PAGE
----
The Chelyabinsk Impact of 2013
On the bright sunny morning of 15th February 2013, the sky fell over southern Russia. An asteroid entered the Earth's atmosphere and produced largest known impact suffered by the planet Earth for over 100 years. Producing a fireball brighter than the Sun, over a thousand people were injured by the resulting shockwave. In less than a year, astronomers have discovered where the asteroid came from, and what happened during the impact. It has allowed scientists to refine their models of asteroid impacts and re-evaluate the risk posed by small asteroids. This presentation will give an overview of what we have learned so far from the Chelyabinsk impact, the implications for the future, and why we should all install dashboard cameras in our cars!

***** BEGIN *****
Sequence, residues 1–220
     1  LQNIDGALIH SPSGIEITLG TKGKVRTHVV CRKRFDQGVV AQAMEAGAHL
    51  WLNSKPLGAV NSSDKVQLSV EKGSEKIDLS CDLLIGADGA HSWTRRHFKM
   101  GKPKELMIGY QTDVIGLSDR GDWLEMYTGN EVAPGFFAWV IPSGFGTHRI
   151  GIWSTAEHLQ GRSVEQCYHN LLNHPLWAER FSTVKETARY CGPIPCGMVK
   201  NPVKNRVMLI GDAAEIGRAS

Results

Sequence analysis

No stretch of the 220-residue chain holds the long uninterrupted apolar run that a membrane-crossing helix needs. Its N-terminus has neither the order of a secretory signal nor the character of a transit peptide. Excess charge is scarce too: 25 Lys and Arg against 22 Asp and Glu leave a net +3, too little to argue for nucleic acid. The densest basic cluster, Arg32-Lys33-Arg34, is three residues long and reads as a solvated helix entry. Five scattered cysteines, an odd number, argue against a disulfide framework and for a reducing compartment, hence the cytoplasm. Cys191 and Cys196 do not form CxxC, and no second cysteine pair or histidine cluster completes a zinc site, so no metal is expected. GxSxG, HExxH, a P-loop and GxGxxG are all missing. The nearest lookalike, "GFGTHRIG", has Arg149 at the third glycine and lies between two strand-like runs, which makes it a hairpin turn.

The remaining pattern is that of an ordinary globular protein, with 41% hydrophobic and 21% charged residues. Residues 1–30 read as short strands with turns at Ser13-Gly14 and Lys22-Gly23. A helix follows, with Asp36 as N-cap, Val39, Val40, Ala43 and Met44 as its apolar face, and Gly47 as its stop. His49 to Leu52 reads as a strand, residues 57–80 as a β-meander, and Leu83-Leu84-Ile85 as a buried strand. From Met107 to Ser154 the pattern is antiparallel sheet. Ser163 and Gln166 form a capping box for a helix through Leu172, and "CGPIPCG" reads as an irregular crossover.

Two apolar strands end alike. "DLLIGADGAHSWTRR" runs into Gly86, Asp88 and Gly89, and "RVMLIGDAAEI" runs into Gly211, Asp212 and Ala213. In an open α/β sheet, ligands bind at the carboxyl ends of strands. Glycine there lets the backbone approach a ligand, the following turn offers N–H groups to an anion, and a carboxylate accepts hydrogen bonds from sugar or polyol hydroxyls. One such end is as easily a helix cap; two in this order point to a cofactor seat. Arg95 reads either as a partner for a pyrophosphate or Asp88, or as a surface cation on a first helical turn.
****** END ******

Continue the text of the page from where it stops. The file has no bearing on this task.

About Alan Fitzsimmons
Alan Fitzsimmons is a Professor of Astronomy in the Astrophysics Research Centre, Queen's University Belfast. His field of expertise is the study of asteroids and comets. He is currently co-leading the Pan-STARRS inner solar system key project, assessing telescope proposals at the European Southern Observatory, working within the NEOShield project and analysing his comet ISON data. In the past year he has featured on The Sky at Night and Horizon, and given many talks on astronomy. His wife will allow him to have a pet dog when he retires.